I strongly suspect, but am unable to prove, that the following limit holds (in the sense of distributions):

$$\lim_{t\to \infty} \frac{\exp(i \omega t) -1}{i\omega} = \pi \delta(\omega)+i\mathcal{P}\frac{1}{\omega}\tag{1}\label{eq}$$

where $\mathcal{P}$ is a Cauchy principal value operator. The first term is easy to see, since the real part $\sin(\omega t)/\omega$ is a nascent delta function. Note that this expression is very similar to the Sokhotski-Plemelj formula

$$\lim_{\epsilon\to 0}\frac{1}{\omega\pm i \epsilon}=\mp i\pi \delta(\omega)+\mathcal{P}\frac1\omega, $$ but this latter limit is easier to show.

How does one prove Eq. \ref{eq}, in particular the principal value term? The real reason I'm wondering is that I need to evaluate some more complicated limits, including

$$ \lim_{t\to \infty} \frac{\left(\exp(i \omega_1 t) -1\right)\left(\exp(-i\omega_2 t)-1\right)}{\omega_1 \omega_2}. $$

Here, the interesting case is $\omega_1=\pm \omega_2$. I originally believed

$$ \lim_{t\to \infty} \frac{\left(\exp(i \omega_1 t) -1\right)\left(\exp(-i\omega_2 t)-1\right)}{\omega_1 \omega_2} =\begin{cases} \pi^2 \delta(\omega_1) \delta(\omega_2), \, \omega_1 \ne \omega_2 \\ 2 \pi t \delta(\omega_1), \, \omega_1 = \omega_2. \end{cases}, $$ but now I am convinced I am missing some principal value terms.


As a distribution, $\cos\omega t \to 0$ when $t \to \infty$ so $$ \omega \frac{\cos\omega t - 1}{\omega} = \cos\omega t - 1 \to 0 - 1 = -1 . $$

From this we can conclude that $$ \frac{\cos\omega t - 1}{\omega} \to -\mathcal{P}\frac{1}{\omega} + C \, \delta(\omega) $$ for some constant $C.$

But the left hand side is odd, so the right hand side must also be odd, which requires $C=0.$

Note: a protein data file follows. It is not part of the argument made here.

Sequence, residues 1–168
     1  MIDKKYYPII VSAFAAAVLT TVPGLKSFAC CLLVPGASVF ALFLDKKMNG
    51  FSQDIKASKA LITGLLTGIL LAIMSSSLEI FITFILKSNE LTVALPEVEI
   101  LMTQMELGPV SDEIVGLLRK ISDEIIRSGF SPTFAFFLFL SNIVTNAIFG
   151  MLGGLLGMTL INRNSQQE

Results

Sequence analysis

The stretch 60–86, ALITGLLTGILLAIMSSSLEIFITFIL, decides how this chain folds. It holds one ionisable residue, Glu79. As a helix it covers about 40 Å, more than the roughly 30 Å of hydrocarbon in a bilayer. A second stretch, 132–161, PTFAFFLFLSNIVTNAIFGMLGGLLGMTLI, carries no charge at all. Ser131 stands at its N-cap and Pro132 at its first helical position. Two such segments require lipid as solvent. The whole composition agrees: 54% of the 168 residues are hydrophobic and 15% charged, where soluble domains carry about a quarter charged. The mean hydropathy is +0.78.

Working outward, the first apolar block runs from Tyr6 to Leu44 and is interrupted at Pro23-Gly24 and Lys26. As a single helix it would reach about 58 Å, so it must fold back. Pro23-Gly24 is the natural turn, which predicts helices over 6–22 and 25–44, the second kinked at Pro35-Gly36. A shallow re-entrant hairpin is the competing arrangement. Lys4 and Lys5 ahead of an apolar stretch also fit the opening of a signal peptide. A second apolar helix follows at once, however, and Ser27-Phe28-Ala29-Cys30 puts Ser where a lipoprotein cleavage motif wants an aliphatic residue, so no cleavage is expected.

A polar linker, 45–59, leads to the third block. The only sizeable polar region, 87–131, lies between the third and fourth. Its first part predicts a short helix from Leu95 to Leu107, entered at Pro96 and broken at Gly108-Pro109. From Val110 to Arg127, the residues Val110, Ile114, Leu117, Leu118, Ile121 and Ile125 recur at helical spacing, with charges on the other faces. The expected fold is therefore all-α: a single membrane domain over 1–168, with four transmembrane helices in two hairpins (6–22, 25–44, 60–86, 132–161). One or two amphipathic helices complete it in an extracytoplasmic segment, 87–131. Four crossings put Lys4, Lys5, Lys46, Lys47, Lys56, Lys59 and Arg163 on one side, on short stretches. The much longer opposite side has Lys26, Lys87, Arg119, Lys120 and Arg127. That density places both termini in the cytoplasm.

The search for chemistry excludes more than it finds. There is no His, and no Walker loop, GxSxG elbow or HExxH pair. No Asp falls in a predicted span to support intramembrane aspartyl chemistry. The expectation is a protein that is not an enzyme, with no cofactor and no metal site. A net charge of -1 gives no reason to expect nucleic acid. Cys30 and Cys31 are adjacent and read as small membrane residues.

Thus, $$ \frac{\cos\omega t - 1}{\omega} \to -\mathcal{P}\frac{1}{\omega} $$ and $$ \frac{\exp(i\omega t)-1}{i\omega} = -i\frac{\cos\omega t - 1}{\omega} + \frac{\sin\omega t}{\omega} \to i \, \mathcal{P}\frac{1}{\omega} + \pi\,\delta(\omega) . $$

  • $\begingroup$ I realized that it practically boils down to $$ \frac{\cos\omega t - 1}{\omega} = \cos\omega t \frac{1}{\omega} - \frac{1}{\omega} \to 0 \cdot \frac{1}{\omega} - \frac{1}{\omega} = - \frac{1}{\omega}. $$ $\endgroup$
    – md2perpe
    Sep 8 '20 at 12:04
  • $\begingroup$ Can you explain in a little more detail/rigor where the principal value comes from? Would it be true that, say, $\frac{\cos^2(\omega t)}{\omega^2} = \frac{1+\cos(2\omega t))}{2\omega^2} \to {\cal P}\frac{1}{2\omega^2}$? $\endgroup$ Sep 10 '20 at 0:27
  • $\begingroup$ @mikefallopian. The principal value distribution $\mathcal{P}\frac{1}{\omega}$ is the almost unique distribution satisfying $\omega \, u(\omega) = 1.$ With "almost unique" I refer to that one can add multiples of $\delta(\omega).$ $\endgroup$
    – md2perpe
    Sep 10 '20 at 6:36
  • $\begingroup$ Up to scalar multiples, it is the unique odd distribution satisfying $\omega\cdot u=1$ on $\mathbb R$. $\endgroup$ Dec 24 '20 at 23:15
  • 1
    $\begingroup$ The principal-value integral against $1/x$ is the unique odd distribution $\omega$ satisfying $x\cdot \omega=1$. $\endgroup$ Dec 25 '20 at 16:16

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